Sunglasses are ubiquitous in our society and it’s taken as a general fact that blocking sunlight from our eyes is protective, and leads to healthier eyes in the long run. While there are definitely situations where you might find sunglasses necessary, wearing them as a daily accessory is a bad choice for optimal health. Especially for children and in lower UV locations.

Seven reasons to stop wearing sunglasses

  1. Disruption of circadian rhythm: Exposure to natural sunlight helps regulate your body’s circadian rhythm, which controls your sleep-wake cycle. If you’re consistently wearing sunglasses and blocking out sunlight, it could disrupt your body’s natural rhythm and lead to sleep problems.
  2. Melatonin balance: Sunlight exposure during the day helps regulate the production of melatonin, a hormone that influences your sleep patterns. Adequate exposure to natural light during the day can enhance your melatonin balance, leading to better quality sleep. To reset your circadian rhythm, go outside for at least a few minutes of natural light first thing in the morning, around midday, and at sunset without sunglasses or sunscreen.
  3. Mood enhancement: Sunlight triggers the release of serotonin, a neurotransmitter associated with mood regulation. Exposure to natural light can improve your mood and overall well-being, and can also positively impact your eye health indirectly, by reducing stress and tension that may contribute to eye strain.
  4. Blue light regulation: Sunlight contains a mixture of different wavelengths, including blue light. While excessive exposure to blue light from digital devices can strain your eyes, natural sunlight provides a balanced spectrum of light that may help regulate the effects of blue light, reducing eye fatigue and discomfort.
  5. Eye growth and development: In infants and young children, exposure to sunlight is crucial for proper eye growth and development. Adequate sunlight helps the eyes develop the ability to focus and coordinate effectively, which lays the foundation for good vision in later life. Children’s sunglasses are often adorable, but a harmful choice for their optimal development.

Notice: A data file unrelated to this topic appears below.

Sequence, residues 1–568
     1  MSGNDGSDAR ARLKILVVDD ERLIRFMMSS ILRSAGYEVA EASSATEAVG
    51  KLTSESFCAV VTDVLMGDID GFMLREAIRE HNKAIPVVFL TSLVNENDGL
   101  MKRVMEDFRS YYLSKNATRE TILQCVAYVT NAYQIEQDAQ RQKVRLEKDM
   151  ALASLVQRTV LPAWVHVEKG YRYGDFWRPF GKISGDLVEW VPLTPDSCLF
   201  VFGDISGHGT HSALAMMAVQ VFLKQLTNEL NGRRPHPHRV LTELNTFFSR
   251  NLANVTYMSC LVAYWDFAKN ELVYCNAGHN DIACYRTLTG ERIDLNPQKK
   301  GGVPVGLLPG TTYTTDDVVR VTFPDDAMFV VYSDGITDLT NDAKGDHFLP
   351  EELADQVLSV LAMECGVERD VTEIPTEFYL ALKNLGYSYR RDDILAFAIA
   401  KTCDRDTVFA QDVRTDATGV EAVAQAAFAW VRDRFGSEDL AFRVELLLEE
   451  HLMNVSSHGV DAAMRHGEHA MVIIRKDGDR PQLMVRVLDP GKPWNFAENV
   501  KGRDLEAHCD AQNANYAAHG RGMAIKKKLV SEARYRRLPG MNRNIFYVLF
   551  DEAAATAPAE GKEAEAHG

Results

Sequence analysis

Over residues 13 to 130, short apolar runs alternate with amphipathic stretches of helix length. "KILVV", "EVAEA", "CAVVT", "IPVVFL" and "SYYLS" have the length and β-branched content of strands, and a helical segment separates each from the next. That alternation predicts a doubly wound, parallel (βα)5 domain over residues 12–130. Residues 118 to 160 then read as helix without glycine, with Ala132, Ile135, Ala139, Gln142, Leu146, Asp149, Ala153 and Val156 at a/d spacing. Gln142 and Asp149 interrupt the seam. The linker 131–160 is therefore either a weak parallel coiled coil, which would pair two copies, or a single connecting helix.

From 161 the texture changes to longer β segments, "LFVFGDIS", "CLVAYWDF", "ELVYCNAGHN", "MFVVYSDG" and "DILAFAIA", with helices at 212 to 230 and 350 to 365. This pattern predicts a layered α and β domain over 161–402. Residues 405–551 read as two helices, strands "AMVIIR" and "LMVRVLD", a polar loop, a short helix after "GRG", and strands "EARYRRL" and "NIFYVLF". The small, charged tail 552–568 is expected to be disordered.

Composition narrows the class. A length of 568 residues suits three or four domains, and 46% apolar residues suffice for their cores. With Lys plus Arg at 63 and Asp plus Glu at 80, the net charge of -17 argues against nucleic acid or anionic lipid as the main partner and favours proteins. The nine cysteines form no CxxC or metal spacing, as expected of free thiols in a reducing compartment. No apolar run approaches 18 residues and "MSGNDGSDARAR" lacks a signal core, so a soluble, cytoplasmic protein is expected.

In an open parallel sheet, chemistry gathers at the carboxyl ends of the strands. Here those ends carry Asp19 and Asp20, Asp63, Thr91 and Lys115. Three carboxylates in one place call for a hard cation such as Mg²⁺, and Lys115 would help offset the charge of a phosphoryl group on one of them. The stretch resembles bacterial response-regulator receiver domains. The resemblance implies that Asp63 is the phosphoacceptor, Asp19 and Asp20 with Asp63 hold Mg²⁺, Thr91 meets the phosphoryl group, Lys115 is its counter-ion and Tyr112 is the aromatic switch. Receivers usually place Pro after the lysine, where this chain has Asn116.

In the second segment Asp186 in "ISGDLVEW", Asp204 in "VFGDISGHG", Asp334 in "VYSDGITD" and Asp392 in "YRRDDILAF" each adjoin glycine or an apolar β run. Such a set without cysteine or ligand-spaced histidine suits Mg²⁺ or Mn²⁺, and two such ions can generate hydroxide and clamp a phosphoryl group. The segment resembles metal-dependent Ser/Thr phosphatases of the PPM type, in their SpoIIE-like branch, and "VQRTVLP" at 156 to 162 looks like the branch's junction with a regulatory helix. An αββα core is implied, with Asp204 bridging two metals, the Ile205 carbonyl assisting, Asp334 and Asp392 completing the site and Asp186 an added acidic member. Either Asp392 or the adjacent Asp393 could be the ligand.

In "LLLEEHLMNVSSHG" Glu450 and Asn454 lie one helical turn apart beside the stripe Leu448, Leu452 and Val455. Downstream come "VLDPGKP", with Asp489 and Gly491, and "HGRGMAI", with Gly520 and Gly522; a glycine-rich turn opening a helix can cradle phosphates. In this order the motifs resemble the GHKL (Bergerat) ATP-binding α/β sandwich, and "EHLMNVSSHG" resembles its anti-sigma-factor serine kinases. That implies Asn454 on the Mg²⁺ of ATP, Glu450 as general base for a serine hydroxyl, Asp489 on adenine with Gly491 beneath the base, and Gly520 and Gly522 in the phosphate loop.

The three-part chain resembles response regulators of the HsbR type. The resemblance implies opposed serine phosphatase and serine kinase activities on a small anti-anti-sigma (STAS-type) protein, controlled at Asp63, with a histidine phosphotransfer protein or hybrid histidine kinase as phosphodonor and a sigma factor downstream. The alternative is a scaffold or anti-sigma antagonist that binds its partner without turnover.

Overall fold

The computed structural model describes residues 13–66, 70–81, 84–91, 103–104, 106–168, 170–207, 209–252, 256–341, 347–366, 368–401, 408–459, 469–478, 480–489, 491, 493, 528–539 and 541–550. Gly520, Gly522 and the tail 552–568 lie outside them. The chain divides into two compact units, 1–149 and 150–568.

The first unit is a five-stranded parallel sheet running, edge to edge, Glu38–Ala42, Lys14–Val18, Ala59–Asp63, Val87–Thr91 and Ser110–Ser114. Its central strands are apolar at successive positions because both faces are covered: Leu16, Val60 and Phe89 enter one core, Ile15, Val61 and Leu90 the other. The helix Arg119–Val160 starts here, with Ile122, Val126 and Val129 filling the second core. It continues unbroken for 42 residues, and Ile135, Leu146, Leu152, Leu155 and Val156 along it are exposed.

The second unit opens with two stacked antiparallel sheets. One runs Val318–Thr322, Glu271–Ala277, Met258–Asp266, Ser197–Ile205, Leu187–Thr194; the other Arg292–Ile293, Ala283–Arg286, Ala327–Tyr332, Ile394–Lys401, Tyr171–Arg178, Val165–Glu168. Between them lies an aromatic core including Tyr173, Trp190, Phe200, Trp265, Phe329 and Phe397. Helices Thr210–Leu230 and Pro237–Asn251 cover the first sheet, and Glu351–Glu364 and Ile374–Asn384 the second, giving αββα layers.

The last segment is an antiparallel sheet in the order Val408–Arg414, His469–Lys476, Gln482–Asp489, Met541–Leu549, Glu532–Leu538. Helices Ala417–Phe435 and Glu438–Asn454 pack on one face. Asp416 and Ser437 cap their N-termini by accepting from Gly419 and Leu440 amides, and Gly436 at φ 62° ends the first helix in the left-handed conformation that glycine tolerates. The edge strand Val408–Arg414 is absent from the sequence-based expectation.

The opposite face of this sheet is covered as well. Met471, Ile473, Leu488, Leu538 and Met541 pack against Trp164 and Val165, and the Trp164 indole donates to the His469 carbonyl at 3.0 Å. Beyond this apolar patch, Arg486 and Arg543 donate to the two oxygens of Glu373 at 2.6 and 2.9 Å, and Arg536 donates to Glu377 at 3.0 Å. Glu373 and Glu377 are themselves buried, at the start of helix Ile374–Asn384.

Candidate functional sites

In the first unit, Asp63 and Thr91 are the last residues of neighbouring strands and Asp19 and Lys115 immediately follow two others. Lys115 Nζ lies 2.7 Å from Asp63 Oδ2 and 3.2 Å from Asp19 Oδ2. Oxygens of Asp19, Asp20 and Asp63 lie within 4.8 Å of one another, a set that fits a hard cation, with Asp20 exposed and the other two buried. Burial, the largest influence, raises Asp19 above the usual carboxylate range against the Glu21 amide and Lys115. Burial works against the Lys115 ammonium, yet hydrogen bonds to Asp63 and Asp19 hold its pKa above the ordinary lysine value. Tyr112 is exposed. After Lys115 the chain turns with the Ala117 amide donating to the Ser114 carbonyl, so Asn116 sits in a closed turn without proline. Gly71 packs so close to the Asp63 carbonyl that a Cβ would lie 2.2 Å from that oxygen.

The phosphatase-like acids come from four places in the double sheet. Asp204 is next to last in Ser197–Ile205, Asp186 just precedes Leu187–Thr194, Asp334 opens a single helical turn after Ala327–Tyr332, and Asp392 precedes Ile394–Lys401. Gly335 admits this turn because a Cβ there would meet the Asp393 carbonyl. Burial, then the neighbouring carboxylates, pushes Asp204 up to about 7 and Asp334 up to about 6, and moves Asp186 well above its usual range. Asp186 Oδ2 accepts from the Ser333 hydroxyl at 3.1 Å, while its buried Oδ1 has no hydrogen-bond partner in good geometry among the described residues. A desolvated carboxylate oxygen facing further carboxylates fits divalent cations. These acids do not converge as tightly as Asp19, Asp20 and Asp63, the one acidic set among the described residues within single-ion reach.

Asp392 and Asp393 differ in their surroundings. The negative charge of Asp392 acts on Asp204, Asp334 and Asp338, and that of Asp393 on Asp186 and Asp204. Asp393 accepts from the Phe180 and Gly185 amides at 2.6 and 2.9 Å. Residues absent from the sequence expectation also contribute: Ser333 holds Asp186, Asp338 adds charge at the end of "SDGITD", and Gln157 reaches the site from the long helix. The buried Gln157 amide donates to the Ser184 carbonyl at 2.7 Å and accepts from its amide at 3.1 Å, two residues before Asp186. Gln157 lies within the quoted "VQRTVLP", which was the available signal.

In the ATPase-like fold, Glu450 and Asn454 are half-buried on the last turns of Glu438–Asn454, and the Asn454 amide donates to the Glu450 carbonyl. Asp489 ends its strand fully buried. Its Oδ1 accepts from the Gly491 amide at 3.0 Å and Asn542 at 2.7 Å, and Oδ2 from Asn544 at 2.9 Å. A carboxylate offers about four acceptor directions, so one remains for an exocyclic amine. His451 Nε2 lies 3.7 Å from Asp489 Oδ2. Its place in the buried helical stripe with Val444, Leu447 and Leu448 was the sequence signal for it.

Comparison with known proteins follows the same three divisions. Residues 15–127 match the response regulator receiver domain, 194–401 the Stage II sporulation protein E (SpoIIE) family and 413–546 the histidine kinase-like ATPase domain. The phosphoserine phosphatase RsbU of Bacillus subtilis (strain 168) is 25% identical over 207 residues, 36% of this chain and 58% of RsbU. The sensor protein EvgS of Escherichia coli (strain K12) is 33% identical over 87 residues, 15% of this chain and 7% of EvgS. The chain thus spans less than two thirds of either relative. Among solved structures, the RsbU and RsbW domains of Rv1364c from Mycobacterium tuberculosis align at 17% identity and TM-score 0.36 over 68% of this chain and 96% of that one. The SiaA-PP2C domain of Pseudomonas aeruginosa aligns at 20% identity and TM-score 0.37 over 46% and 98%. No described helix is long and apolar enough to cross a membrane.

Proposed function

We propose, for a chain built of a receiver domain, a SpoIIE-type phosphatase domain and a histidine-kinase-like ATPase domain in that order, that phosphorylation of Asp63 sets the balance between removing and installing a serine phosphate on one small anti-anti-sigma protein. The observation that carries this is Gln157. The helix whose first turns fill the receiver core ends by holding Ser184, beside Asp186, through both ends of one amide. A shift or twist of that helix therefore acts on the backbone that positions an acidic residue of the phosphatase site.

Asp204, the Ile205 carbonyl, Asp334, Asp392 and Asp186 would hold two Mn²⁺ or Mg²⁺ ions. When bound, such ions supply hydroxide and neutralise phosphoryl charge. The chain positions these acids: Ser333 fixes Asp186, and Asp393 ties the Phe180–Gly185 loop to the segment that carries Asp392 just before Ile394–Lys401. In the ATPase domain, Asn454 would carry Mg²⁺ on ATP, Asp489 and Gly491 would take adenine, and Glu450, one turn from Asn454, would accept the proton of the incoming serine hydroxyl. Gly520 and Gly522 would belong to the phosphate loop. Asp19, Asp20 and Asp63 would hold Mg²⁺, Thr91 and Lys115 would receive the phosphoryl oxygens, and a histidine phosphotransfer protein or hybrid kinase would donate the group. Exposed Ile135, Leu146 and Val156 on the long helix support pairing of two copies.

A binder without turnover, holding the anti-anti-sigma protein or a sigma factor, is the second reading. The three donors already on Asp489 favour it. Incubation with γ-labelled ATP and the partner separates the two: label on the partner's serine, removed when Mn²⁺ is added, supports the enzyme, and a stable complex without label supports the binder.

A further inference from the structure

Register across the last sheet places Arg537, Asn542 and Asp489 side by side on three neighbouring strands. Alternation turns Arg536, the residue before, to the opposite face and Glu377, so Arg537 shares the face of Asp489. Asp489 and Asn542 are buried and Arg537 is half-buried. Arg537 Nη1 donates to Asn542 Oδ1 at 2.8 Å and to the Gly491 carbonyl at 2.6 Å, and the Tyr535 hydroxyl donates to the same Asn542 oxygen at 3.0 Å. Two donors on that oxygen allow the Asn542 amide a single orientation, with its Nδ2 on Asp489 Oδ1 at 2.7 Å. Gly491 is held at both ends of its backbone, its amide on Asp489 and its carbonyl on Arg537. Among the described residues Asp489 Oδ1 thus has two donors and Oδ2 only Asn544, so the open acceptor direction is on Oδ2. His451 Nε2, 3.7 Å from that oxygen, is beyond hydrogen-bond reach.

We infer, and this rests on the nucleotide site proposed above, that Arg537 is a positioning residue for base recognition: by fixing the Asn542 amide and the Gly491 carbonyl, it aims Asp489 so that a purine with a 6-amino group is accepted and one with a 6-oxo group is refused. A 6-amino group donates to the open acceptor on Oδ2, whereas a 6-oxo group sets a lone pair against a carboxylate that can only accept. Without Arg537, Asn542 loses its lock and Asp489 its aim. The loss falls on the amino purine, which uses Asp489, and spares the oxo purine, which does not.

6. Protection against becoming nearsighted (myopia): Recent studies suggest that spending time outdoors and exposing your eyes to natural sunlight may help reduce the risk of myopia (nearsightedness) – a problem with distance vision, in children and adolescents. Sunlight’s brightness and the visual stimuli it provides outdoors are believed to contribute to better visual development and reduced incidence of myopia.
  7. Eye strain: Wearing sunglasses for extended periods, especially indoors or in low-light conditions, can cause eye strain and headaches. You may have experienced this yourself if you’ve worn transitions-type of eyeglasses, which can’t discern where you are, and often turn into sunglasses in bright indoor lights.

Change your dietary habits and it’ll be easier to stop wearing sunglasses

I grew up in Seattle and wore sunglasses year-round. My eyes felt sensitive to bright light and I chalked it up to having blue eyes and living somewhere that wasn’t super-sunny all the time. To my surprise, within just a couple of months of giving up vegetarianism and industrialized foods, I no longer “needed” to wear sunglasses all the time.

When I went back to school to study nutrition I learned why. I was deficient in critical fat-soluble nutrients that come from animal products, and I was regularly consuming inflammatory vegetables oils and margarine.

Change these dietary habits first and it’ll be easy to stop wearing sunglasses.